SEOUL, South Korea — North Korea, a country paranoid about perceived threats from the outside world, said Friday that it had found new foreign invaders: hackers from the United States and its allies shutting down the North’s websites, the country’s main tool of spreading propaganda abroad.
Until now, the complaint came from the other direction, with South Korean officials suspecting that North Korea was behind a recent series of hacking attacks on South Korean and U.S. websites. After North Korea’s recent threats to retaliate against U.N. sanctions, South Korea warned of possible North Korean efforts to disrupt the Internet in the South, one of the most wired countries in the world.
These accusations, although denied by the opposing sides, showed how inter-Korean tensions are increasingly spreading into cyberspace.
“It is nobody’s secret that the U.S. and South Korean puppet regime are massively bolstering up cyberforces in a bid to intensify the subversive activities and sabotages against the DPRK,” the North’s Korean Central News Agency said, using the acronym of the country’s official name, Democratic People’s Republic of Korea. “They are seriously mistaken if they think they can quell the DPRK’s voices of justice through such base acts.”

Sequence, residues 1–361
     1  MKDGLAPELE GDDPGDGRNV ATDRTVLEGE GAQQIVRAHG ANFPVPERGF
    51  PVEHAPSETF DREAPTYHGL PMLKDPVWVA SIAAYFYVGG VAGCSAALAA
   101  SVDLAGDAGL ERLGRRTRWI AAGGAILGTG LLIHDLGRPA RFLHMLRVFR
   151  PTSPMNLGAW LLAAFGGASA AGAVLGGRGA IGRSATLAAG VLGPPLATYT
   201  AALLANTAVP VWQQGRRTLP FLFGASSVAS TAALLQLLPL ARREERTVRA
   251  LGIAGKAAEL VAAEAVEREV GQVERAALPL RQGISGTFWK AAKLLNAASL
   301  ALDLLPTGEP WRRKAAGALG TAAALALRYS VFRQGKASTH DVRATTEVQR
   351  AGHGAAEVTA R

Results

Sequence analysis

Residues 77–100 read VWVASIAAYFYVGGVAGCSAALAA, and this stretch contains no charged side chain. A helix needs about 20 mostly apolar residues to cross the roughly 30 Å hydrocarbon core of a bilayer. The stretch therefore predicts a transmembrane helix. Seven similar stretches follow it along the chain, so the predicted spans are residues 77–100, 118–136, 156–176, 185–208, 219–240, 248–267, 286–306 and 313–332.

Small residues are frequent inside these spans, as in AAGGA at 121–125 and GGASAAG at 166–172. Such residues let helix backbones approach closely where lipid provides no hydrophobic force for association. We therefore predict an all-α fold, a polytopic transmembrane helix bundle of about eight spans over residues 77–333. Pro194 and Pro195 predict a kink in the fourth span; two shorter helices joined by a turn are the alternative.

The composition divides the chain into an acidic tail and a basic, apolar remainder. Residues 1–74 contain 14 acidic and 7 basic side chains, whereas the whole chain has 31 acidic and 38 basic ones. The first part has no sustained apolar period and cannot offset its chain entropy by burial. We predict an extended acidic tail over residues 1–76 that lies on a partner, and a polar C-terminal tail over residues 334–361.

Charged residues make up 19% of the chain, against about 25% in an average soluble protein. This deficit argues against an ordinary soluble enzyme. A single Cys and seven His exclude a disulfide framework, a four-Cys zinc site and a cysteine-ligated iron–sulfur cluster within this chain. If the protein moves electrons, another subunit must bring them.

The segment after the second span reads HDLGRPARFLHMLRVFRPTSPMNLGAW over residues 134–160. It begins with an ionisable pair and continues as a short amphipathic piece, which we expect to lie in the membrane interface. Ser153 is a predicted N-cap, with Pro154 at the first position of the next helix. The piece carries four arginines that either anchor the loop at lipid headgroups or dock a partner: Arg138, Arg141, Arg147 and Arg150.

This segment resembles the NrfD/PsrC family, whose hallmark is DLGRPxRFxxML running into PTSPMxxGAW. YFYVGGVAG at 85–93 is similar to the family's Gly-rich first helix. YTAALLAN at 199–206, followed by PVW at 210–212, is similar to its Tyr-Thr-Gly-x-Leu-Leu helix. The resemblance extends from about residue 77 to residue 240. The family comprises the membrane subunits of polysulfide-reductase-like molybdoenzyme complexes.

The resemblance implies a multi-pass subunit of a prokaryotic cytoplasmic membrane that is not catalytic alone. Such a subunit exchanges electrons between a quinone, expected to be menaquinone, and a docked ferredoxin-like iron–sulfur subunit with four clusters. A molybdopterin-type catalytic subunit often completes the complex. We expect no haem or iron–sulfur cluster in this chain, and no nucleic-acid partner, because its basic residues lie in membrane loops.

North Korea’s often strident rhetoric has escalated to a feverish new pitch in recent weeks, complete with a threat to launch a “pre-emptive nuclear attack” at the United States and South Korea after the allies started joint military drills on March 1, followed by new U.N. sanctions for the North’s Feb. 12 nuclear test.
North Korea did not elaborate on what it called “intensive and persistent virus attacks” on its Internet servers. But Russia’s Itar-Tass news agency said a “powerful hacker attack” from abroad had brought down Internet servers inside the North. Nevertheless, the North’s two main channels of government statements and propaganda — the websites of the Rodong Sinmun newspaper and the Korean Central News Agency — operated normally Friday.
In a report titled “Enemies of the Internet,” the group Reporters Without Borders included North Korea on a list of countries that “censor Internet access so effectively that they restrict their populations to local intranets that bear no resemblance to the World Wide Web.”